When playing many open-world games, it’s easy to get cynical about their tried-and-true tropes, but luckily Elden Ring is here to bring some joy back to your gaming experience and put that cynicism to the curb.
There has been talk in the gaming world about the “Ubisoft formula” that has been mastered on several open-world games in the Assassin’s Creed and Far Cry franchises (many other developers have come to rely on these same familiar tools, sure, but Ubisoft seems like the easiest target).
While the trappings may change with each new entry in many open-world franchises, players can generally expect a sizeable map with plenty of obvious points of interest to investigate, objectives to complete, and collections to assemble. . There are question marks on the map, and if that’s your idea of fun, you’ll go around and tick them all off. If you’ve played an open-world game recently, sometimes you feel like you’ve played them all.
But as you know if you’ve ever started playing it, few of us have experienced anything like Elden Ring before. Its FromSoftware developers have created a world that’s bigger, better, dumber, and far more mysterious than any other you’ve been able to explore in recent memory.
After a very brief tutorial that introduces you to the basic combat mechanics, Elden Ring launches you into The Lands Between, a vast and varied landscape for which Game of Thrones’ George RR Martin helped write the backstory. And if you were wondering, that lore is just as deranged and fiendishly dense as you’d expect from a collaboration between Martin and the team behind the Dark Souls franchise.
While players in some franchises might expect a minimap with a very obvious objective marker telling them what to do, Elden Ring only gives you the most vague suggestion of which direction you should head. , and nothing prevents you from completely ignoring this pointer. In fact, thinking outside the box is encouraged, and you’ll be rewarded for your curiosity at almost every turn.
You may have heard that FromSoftware games are extremely difficult, but let’s set the record straight here – although the boss fights in Elden Ring are tough and even smaller enemies will kill you if you don’t. be warned, the game goes to great lengths to make you feel supported and safe as you explore The Lands Between.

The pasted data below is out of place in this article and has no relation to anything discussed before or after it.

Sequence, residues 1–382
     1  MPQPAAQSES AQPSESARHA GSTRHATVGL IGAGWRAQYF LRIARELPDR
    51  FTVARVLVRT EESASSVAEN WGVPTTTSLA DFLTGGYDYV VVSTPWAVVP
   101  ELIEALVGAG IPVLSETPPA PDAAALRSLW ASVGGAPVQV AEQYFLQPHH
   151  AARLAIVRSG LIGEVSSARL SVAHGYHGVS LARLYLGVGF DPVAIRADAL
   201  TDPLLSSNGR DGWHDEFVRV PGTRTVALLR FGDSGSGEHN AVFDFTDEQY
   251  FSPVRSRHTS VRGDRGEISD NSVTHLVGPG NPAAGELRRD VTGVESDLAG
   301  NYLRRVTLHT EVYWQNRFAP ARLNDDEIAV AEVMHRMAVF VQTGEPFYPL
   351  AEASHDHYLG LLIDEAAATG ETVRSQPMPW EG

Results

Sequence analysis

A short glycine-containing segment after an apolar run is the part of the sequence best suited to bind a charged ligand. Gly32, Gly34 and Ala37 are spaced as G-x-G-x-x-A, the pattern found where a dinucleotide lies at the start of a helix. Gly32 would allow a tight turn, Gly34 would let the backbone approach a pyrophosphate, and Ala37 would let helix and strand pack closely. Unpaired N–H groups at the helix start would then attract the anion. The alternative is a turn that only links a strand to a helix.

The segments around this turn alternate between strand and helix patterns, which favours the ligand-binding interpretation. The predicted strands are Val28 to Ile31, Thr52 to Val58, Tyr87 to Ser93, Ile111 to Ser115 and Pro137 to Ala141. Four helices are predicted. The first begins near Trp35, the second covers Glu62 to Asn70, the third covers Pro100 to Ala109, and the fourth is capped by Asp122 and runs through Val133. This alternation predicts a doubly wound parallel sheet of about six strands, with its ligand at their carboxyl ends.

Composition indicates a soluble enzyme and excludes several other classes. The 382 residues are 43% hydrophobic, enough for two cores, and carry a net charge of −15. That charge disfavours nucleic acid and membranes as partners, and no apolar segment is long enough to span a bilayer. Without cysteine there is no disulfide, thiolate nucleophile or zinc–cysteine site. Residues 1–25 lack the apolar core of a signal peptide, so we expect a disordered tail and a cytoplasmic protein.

If a combat encounter is too much for you, you can almost always run or quickly get away from it and do something else. And it’s in the “do something else” part where the game really shines. It feels like there are surprises waiting around every corner. And while some of those surprises are big monsters that want to kill you, other in-game surprises include beautiful landscapes, epic weapons, and completely unexpected treats.
Unwinding many of these surprises will spoil your fun, but let’s just say there are portals that will take you to weird and wonderful places. There are extremely strange characters to meet, oddly designed creatures to admire, and entire questlines you might have totally missed if your curiosity hadn’t gotten the better of you.
It’s not just the incredibly well-designed world and the fact that you can avoid much of the combat that makes this game incredibly welcoming to those who didn’t like FromSoftware’s previous titles. A special shoutout also has to go to the brilliant multiplayer system that runs through the very heart of the game.
Once you’ve unlocked the ability to do so, you’ll be able to summon other players to your world if you want a helping hand in a sticky situation. You’ll also be able to see messages on the ground that other players have left behind, some of which might help you avoid traps or find hidden treasures you might have otherwise missed.
In this reviewer’s experience, the gaming community that currently inhabits Elden Ring seems to be very supportive for the most part, and it’s a joy to play with them – and online play isn’t always our favorite , so that means something. A few times we needed the help of randoms to overcome boss fights, and receiving that help felt very healthy and rewarding to the overall experience. It felt like a community coming together in the best way.
This game is joyful in so many ways, and the healthy feeling of bringing in more experienced players to lend a hand is just one of them.
Not only are the graphics great and the controls perfect (whether you’re swinging swords, shooting arrows, or casting spells), there’s just something special on how it all adds up.
The orchestral music score is brilliantly atmospheric. Your character’s upgrade systems are easier to understand than you might think, and it’s very rewarding to watch your stats and abilities grow over time.
The joy of discovering something new and unexpected is especially fresh, especially compared to some of the more stereotypical games, and there’s nothing quite like that sense of accomplishment that erupts within when you finally see a massive boss give up the ghost after dozens of attempts.
To put it simply, we’d be very surprised if it didn’t end up at the top of almost every “game of the year” list in December. So don’t let the so-called difficulty put you off. Give Elden Ring a shot if you haven’t already, keep an open mind and we promise you won’t regret it.
Elden Ring is available now on PC, PS4, PS5, Xbox One and Xbox Series X/S. We reviewed on Xbox Series X.
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